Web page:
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Bump and grind is Mozilla's plan for future Firefox OS releases

Browser outfit plans to be steady and stimulating as it tries to score in mobile

By Simon Sharwood, 19 Jul 2015

The Mozilla Foundation has formalised Firefox OS development, pledging that henceforth new versions will emerge every six months.

“To deliver upon this vision we are immediately moving to a development model where we will drive a single open source core of Firefox OS, with major releases every six months, based upon weekly sprints,” the organisation said in a blog post.

The weekly development grind will, the outfit reckoned, deliver important functionality bumps because “Each major release will strive to deliver significant user and platform value”.

Each of the new releases of the OS will be ready for you to install on Android hardware, in two ways. The adventurous among you can “flash an unlocked Android phone”. The more cautious among you may prefer the B2GDroid app.

The first version of the OS to arrive in this schedule will be version 2.5, due in November.

Mozilla promiseed “the most customisable, secure, locally relevant and empowering Firefox OS experience yet,” along with “local content, personalisation and privacy features.”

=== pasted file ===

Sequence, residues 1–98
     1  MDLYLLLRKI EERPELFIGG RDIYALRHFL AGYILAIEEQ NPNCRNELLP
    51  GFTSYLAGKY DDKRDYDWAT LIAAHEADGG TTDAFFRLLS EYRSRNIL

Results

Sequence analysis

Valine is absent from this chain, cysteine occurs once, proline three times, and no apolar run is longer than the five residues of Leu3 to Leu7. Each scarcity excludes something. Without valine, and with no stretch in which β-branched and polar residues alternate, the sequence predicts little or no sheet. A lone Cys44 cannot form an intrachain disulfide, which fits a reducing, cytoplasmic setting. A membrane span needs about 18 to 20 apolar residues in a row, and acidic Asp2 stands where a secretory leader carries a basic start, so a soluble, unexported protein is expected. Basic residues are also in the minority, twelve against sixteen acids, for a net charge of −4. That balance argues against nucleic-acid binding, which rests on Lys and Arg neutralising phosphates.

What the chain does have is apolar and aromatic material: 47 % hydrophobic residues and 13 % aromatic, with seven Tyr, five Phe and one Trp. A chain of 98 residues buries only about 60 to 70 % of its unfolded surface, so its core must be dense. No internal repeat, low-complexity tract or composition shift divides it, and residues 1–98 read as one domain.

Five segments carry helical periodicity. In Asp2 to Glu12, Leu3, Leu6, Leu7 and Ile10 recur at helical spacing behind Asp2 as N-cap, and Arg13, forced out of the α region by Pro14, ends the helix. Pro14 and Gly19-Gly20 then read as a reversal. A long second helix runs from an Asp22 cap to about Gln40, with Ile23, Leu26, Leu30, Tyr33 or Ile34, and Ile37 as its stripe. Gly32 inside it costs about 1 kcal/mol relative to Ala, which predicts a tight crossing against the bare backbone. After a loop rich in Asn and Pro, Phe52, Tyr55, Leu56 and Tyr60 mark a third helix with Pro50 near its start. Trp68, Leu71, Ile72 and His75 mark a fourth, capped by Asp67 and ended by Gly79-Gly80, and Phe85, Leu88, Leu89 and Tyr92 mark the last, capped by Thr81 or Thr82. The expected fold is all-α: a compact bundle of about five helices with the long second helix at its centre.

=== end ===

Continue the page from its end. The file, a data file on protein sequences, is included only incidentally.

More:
There will also be a mobile equivalent of “View Source” and “a Firefox-like extension mechanism to add to the user interface and phone capabilities.”

Apparently there are three ideas fuelling this new plan. Namely:

  1. Mozilla Ignite plan
  2. User focus: Ensuring that we’re delivering an experience that people love through user-centred design, research and product iteration
  3. Web platform: Bringing more of Mozilla and the Open Web to people than just the Web technologies upon which our products are built
  4. Community: Rallying and fully empowering our global community of developers, designers, and more to help build the future together

Mozilla has acknowledged that its Firefox OS didn't succeed in low-end phones and signalled the Ignite strategy outlined in the bullet points and graphic above were where it's headed.

But it has a long slog ahead of it to get anywhere useful: Firefox OS is currently not even an asterisk in Netmarketshare's mobile OS market share count. And that count includes Kindle's 0.05 per cent of traffic. ®

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